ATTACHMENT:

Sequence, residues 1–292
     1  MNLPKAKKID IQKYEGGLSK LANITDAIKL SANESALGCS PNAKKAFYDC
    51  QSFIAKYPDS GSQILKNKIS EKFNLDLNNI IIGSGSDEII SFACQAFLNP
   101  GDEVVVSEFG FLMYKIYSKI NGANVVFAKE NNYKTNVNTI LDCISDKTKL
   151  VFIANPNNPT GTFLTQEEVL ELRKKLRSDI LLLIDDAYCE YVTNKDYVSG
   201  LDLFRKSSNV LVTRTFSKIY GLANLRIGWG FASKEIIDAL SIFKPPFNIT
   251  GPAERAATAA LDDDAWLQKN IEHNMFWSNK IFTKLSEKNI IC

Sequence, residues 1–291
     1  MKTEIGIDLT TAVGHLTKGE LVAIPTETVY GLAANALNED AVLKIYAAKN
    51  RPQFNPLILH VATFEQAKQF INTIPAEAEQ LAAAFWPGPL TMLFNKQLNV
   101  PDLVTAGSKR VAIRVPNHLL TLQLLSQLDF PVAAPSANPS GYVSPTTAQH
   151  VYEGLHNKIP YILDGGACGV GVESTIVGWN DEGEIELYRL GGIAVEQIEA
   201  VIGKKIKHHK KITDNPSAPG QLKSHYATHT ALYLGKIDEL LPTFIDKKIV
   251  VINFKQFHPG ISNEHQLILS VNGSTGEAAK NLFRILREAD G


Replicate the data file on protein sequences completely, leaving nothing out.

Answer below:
Sequence, residues 1–292
     1  MNLPKAKKID IQKYEGGLSK LANITDAIKL SANESALGCS PNAKKAFYDC
    51  QSFIAKYPDS GSQILKNKIS EKFNLDLNNI IIGSGSDEII SFACQAFLNP
   101  GDEVVVSEFG FLMYKIYSKI NGANVVFAKE NNYKTNVNTI LDCISDKTKL
   151  VFIANPNNPT GTFLTQEEVL ELRKKLRSDI LLLIDDAYCE YVTNKDYVSG
   201  LDLFRKSSNV LVTRTFSKIY GLANLRIGWG FASKEIIDAL SIFKPPFNIT
   251  GPAERAATAA LDDDAWLQKN IEHNMFWSNK IFTKLSEKNI IC

Sequence, residues 1–291
     1  MKTEIGIDLT TAVGHLTKGE LVAIPTETVY GLAANALNED AVLKIYAAKN
    51  RPQFNPLILH VATFEQAKQF INTIPAEAEQ LAAAFWPGPL TMLFNKQLNV
   101  PDLVTAGSKR VAIRVPNHLL TLQLLSQLDF PVAAPSANPS GYVSPTTAQH
   151  VYEGLHNKIP YILDGGACGV GVESTIVGWN DEGEIELYRL GGIAVEQIEA
   201  VIGKKIKHHK KITDNPSAPG QLKSHYATHT ALYLGKIDEL LPTFIDKKIV
   251  VINFKQFHPG ISNEHQLILS VNGSTGEAAK NLFRILREAD G